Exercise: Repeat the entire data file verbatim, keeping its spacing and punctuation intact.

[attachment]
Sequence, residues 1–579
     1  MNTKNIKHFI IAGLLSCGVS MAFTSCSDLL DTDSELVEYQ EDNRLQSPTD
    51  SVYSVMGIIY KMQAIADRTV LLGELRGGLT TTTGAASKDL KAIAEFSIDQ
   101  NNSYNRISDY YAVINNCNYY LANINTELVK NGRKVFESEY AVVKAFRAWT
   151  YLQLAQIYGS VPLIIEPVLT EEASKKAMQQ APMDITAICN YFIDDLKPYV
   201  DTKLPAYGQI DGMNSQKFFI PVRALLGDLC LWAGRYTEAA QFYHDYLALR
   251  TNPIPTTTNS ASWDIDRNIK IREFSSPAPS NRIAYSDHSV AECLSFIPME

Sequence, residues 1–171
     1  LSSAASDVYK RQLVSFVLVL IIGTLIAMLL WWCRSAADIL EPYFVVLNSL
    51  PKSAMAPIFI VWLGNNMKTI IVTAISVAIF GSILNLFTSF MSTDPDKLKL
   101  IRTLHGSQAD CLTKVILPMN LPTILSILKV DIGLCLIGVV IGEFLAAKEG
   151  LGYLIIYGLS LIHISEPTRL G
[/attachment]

Sequence, residues 1–579
     1  MNTKNIKHFI IAGLLSCGVS MAFTSCSDLL DTDSELVEYQ EDNRLQSPTD
    51  SVYSVMGIIY KMQAIADRTV LLGELRGGLT TTTGAASKDL KAIAEFSIDQ
   101  NNSYNRISDY YAVINNCNYY LANINTELVK NGRKVFESEY AVVKAFRAWT
   151  YLQLAQIYGS VPLIIEPVLT EEASKKAMQQ APMDITAICN YFIDDLKPYV
   201  DTKLPAYGQI DGMNSQKFFI PVRALLGDLC LWAGRYTEAA QFYHDYLALR
   251  TNPIPTTTNS ASWDIDRNIK IREFSSPAPS NRIAYSDHSV AECLSFIPME

Sequence, residues 1–171
     1  LSSAASDVYK RQLVSFVLVL IIGTLIAMLL WWCRSAADIL EPYFVVLNSL
    51  PKSAMAPIFI VWLGNNMKTI IVTAISVAIF GSILNLFTSF MSTDPDKLKL
   101  IRTLHGSQAD CLTKVILPMN LPTILSILKV DIGLCLIGVV IGEFLAAKEG
   151  LGYLIIYGLS LIHISEPTRL G